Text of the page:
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Know Thyself: Three Steps to Understanding

Inscribed on the forecourt of the Temple at Delphi is the Greek maxim, Gnothi Seauton. In English, that maxim means, ‘Know Thyself.’ It’s an aphorism used numerous times in the dialogues of Socrates by Plato.

I’ve encountered the phrase in other places. Years ago, as I was working my way through a master’s program in International Relations, I encountered the phrase in an academic text examining the intricacies of world governments, nations, and cultures. That maxim, ‘Know Thyself’ was a call to action by the author. He posited that before we can really understand others, we must first know ourselves.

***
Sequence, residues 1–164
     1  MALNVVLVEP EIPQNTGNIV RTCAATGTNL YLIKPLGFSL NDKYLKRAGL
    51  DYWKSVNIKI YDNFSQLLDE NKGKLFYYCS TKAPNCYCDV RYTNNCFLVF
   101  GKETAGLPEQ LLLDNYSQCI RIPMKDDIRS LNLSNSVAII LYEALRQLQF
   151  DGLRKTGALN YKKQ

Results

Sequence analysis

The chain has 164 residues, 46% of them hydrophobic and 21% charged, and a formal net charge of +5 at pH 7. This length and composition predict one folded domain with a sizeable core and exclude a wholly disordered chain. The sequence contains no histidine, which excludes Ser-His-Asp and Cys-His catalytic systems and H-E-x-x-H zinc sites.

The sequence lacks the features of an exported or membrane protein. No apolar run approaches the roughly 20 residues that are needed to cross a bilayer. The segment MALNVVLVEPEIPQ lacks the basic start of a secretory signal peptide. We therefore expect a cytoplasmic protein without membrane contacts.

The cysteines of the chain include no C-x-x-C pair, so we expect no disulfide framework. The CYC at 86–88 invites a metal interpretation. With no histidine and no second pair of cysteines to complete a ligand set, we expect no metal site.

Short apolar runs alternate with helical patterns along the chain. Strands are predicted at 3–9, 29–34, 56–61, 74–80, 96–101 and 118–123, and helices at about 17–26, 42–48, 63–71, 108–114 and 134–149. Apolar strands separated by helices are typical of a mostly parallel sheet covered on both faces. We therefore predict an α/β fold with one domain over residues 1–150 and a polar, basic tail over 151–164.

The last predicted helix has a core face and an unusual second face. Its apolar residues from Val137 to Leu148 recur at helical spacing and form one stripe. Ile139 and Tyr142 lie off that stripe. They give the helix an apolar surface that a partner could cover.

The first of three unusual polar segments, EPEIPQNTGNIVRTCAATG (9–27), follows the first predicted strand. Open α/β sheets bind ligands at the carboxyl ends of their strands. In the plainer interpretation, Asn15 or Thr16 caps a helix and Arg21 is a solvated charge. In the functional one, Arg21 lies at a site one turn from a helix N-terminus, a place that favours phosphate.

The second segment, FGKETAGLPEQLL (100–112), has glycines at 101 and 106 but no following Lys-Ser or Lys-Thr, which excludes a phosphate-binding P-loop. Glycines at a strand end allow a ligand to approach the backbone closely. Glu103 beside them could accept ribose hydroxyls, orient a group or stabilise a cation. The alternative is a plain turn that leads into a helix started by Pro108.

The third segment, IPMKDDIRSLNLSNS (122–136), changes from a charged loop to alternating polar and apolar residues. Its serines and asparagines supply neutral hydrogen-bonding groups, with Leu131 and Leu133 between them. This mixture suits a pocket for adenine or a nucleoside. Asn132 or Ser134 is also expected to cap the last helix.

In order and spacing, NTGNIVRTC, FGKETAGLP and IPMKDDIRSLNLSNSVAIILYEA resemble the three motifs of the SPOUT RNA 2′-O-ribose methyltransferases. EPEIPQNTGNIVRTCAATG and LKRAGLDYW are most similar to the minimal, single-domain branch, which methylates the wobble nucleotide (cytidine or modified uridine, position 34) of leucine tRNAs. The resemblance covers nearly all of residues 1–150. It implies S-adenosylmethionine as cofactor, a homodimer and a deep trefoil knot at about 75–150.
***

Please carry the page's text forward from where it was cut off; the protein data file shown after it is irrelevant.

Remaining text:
So, what does it mean to know thyself? Sounds simple enough. At first thought, I’m sure most people think, ‘I know myself well–I’ve been living with myself for years!’

But on an existential level, do we really know ourselves? And is it fact that, as an end, it really justifies the means? Is there actual benefit in knowing myself or is it philosophical gas? And to what degree must I know …

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